How do stocks typically perform when the Fed raises interest rates?
Nearly two years into the pandemic, the Fed is on the cusp of starting to unwind the aggressive stimulus that provided a bridge for an economy recovering from its steepest decline in history. Today, most indicators suggest that the economy has recovered to or beyond pre-pandemic levels. Labor market conditions are exceptionally tight, and inflation has risen to an uncomfortably high level. The combination has spurred the Fed to adopt a more aggressive stance and to recalibrate expectations for a more accelerated tightening cycle ahead. Markets are now pricing in roughly four rate hikes over the course of 2022 — a stark change from expectations for just one increase a few months ago.
The Fed’s recent hawkish turn has also sparked some volatility in equity markets, particularly in growth-oriented sectors such as technology and communication services. The question for many investors is whether or not the Fed’s tightening cycle marks an end to the equity bull market?
Over the past 40 years, periods of Fed tightening have typically coincided with periods also characterized by solid economic and corporate earnings growth, which provides a solid underpinning for U.S. equity performance. As shown in the chart above, stocks have historically advanced during prior Fed hiking cycles. In fact, the average cumulative total return for the S&P 500 over the past six rate hike cycles was just over 21%, with an average tightening cycle lasting for less than two years.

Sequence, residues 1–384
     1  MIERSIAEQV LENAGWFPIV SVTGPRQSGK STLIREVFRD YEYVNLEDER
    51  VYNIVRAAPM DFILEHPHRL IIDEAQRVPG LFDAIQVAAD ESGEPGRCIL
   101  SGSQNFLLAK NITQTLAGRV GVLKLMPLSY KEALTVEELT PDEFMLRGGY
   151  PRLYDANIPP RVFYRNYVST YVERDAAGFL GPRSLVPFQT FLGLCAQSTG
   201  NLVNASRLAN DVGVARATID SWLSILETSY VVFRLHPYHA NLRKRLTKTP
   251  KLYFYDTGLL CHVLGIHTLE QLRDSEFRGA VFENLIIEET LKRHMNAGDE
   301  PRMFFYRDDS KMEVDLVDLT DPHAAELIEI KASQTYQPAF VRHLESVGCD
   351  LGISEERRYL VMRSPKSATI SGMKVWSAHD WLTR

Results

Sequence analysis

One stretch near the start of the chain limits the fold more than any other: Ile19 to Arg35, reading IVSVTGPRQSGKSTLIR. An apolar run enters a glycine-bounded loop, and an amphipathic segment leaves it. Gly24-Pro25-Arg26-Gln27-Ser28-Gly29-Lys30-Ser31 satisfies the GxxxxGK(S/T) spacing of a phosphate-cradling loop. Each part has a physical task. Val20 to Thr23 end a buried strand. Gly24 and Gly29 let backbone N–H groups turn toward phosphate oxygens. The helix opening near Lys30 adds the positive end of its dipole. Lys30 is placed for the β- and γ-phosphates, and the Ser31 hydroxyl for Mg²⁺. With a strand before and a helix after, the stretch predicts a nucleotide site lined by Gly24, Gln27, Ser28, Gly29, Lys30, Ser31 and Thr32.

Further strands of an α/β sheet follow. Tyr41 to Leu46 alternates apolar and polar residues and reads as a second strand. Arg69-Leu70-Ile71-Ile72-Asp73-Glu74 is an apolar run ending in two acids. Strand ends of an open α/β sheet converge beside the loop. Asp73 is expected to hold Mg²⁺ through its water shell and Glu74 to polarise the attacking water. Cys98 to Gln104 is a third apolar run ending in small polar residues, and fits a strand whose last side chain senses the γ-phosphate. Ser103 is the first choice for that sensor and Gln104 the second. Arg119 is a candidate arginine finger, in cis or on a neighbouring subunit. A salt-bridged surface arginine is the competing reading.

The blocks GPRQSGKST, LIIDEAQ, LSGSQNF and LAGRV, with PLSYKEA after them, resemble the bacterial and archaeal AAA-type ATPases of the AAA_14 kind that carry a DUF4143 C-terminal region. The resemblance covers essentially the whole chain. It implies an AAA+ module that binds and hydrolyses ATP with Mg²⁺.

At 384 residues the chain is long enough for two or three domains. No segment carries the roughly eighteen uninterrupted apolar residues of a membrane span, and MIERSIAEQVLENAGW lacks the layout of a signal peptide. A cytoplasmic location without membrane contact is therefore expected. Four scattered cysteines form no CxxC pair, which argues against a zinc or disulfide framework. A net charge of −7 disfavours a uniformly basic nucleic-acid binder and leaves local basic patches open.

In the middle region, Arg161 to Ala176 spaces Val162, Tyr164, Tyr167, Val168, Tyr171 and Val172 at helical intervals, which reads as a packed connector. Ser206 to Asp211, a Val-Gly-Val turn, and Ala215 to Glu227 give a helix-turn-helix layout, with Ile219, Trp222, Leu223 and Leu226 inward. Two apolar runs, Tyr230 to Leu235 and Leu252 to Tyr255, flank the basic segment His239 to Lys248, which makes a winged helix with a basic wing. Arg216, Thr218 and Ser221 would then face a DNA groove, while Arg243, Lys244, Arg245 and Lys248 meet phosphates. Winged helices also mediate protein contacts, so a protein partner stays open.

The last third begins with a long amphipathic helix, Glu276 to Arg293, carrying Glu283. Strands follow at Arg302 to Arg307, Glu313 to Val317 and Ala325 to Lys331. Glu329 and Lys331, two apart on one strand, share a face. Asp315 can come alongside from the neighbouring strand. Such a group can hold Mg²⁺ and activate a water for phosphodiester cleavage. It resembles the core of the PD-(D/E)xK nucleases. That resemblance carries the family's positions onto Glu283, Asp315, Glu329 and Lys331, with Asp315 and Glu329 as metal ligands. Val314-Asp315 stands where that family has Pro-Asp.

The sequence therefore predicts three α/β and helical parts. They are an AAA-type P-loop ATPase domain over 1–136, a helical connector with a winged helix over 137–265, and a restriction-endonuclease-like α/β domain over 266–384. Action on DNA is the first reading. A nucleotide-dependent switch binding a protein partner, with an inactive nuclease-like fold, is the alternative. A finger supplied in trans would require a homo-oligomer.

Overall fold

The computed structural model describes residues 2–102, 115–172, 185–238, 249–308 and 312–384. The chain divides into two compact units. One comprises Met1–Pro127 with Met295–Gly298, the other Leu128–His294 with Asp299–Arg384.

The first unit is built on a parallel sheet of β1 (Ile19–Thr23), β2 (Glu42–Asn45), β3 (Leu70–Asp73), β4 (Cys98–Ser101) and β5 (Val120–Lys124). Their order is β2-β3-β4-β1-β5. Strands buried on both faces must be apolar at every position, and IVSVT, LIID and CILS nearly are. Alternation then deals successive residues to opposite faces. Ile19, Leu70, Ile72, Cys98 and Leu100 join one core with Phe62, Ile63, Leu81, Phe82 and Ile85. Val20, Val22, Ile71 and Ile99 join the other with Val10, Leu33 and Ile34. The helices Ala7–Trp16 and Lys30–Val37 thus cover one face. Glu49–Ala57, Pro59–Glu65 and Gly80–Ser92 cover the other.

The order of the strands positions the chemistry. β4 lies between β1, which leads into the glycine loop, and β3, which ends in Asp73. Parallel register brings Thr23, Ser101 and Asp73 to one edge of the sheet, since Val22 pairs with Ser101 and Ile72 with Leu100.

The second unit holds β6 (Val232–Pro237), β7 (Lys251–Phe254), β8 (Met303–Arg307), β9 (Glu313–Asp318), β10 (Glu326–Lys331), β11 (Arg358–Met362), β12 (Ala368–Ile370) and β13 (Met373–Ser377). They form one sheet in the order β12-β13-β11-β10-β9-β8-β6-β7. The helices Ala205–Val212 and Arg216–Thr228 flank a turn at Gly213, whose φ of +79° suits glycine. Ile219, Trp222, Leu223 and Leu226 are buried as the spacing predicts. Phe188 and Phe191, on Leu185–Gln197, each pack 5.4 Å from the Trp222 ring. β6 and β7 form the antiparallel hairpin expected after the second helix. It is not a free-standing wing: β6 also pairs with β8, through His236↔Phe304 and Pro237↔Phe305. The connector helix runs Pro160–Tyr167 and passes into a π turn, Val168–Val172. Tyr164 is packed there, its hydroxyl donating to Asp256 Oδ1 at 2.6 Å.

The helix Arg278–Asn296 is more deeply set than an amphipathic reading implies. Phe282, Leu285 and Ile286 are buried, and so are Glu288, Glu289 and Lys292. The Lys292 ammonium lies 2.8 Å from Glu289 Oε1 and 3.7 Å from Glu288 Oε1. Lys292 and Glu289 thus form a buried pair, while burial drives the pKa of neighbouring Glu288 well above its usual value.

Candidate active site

The bottom line? Rising rates may contribute to temporary bouts of market volatility; however, many of the same conditions that create the need for higher interest rates should also contribute to stronger corporate earnings growth — a key driver of equity market performance, as we discuss in our accompanying piece.
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Data sources for peer group comparisons, returns, and standard statistical data are provided by the sources referenced and are based on data obtained from recognized statistical services or other sources believed to be reliable. However, some or all information has not been verified prior to the analysis, and we do not make any representations as to its accuracy or completeness. Any analysis non-factual in nature constitutes only current opinions, which are subject to change. Benchmarks or indices are included for information purposes only to reflect the current market environment; no index is a directly tradable investment. There may be instances when consultant opinions regarding any fundamental or quantitative analysis may not agree.
Plante Moran Financial Advisors (PMFA) publishes this update to convey general information about market conditions and not for the purpose of providing investment advice. Investment in any of the companies or sectors mentioned herein may not be appropriate for you. You should consult a representative from PMFA for investment advice regarding your own situation.